constructing the raised garden beds, hauling the dirt in from somewhere, to finally being able to plant your crops.


Instead of tackling that whole situation at one time, you could start by doing something small. It is often helpful to have a block of time dedicated to your project so you know there is start and end time. You can talk to a family member to let them know your plan so they can help keep you accountable and focused for that period of time. Also this strategy allows you to break down the tasks into small bite-sized pieces so you can steadily move forward of your goal.


Small, attainable goals gives us the momentum to keep going and work towards our larger goals. Again clarifying WHY this goal is important to you can help you reframe the dirty (literally! when we're talking about gardens!) into something more meaningful.

Doing it like this can get part of the task done and take a step closer to accomplishing your goal.



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Changing Your Habits


Changing your habits with small changes can help you see a bigger mental change in yourself.


An example of this will be if you want to change your eating habits and eat more nutritious foods. People often label foods as "good" or "bad", however by starting to incorporate small changes to our eating habits, we can achieve a more balanced mindset around food. Let's say you start to stress eat and end up eating food that leaves you with a brain fog, unsatisfied, and with feelings of guilt from your choices.


Many people experience body image issues, depressed mood, or feeling like they lack self control and shame. One small change you can start with when you want to change your eating habits, is to simply pause and tune into your body before making a food choice. Try to tune in and notice how you are feeling physically and emotionally. Are you feeling bored, anxious, stressed, or actually hungry? If so, would food or something else help you manage those emotions or physical sensations? By taking time to pause and ask ourselves how we are really feeling, we make a small action that can lead to a bigger change and mindset shift.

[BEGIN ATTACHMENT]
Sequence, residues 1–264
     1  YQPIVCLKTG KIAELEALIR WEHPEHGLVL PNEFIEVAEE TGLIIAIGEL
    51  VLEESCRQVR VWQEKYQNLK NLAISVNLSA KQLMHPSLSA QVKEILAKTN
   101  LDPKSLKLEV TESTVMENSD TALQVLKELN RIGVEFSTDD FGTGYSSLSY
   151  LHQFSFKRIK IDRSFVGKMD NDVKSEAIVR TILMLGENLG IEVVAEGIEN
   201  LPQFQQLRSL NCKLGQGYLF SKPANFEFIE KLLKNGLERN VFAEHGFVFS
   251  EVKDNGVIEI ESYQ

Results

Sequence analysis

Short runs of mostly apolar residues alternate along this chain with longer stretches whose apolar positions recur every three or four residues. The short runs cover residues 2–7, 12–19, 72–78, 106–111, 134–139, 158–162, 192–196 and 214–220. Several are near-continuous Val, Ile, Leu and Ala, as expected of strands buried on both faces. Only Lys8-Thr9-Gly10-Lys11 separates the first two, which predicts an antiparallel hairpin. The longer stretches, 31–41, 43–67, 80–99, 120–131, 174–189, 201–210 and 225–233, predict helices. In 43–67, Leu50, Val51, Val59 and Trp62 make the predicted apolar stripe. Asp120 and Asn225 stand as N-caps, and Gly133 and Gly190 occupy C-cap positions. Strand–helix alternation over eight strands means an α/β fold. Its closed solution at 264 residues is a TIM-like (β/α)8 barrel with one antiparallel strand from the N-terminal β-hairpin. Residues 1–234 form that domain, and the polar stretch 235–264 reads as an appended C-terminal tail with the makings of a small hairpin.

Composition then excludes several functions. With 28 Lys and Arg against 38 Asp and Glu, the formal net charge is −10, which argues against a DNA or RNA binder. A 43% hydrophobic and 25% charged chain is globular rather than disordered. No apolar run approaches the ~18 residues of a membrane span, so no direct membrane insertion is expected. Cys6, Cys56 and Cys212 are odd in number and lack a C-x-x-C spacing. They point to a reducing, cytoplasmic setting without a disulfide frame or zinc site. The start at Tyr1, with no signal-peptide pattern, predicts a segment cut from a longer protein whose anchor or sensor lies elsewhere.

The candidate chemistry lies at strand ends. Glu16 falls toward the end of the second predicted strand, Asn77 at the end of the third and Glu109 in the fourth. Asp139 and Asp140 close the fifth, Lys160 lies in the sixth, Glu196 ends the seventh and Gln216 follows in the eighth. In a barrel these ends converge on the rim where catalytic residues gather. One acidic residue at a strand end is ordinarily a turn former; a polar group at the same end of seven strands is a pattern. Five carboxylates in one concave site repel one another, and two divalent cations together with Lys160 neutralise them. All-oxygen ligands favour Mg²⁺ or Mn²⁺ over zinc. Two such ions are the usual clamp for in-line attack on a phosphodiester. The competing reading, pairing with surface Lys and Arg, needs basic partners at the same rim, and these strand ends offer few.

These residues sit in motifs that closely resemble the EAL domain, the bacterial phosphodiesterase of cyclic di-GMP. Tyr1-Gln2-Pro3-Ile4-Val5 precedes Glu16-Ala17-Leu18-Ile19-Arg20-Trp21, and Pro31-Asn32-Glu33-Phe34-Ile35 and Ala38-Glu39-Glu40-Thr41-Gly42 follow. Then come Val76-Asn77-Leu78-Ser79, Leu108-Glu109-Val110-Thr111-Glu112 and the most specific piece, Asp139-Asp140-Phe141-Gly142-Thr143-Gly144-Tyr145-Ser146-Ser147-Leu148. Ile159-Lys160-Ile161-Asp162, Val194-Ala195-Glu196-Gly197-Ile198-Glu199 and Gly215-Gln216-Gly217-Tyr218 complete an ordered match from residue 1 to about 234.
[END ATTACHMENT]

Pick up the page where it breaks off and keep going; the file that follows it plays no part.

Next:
Even slightly changing habits could see great results for your mental health and result in you making bigger and healthier changes in your life.


Make Big Changes


If you want to make big changes in your life, it does not always have to be a leap of faith. Doing small things like DIY home project, making healthier food choices, and going for a walk can lead to better change.


Do you find yourself anxious about facing change and needing help? Contact us today for anxiety therapy in Silicon Valley and anxiety therapy in Puerto Rico.


***The ideas, concepts, and opinions expressed in all Living Openhearted posts are intended to be used for educational purposes only. The author and publisher are not rendering medical advice of any kind, nor are intended to replace medical advice, nor to diagnose, prescribe, or treat any disease, condition, illness, or injury. It is imperative that before beginning any diet or exercise program, you receive full medical clearance from a licensed physician. Authors and publisher claim no responsibility to any person or entity for any liability, loss, or damage as a result of the use, application, or interpretation of the material.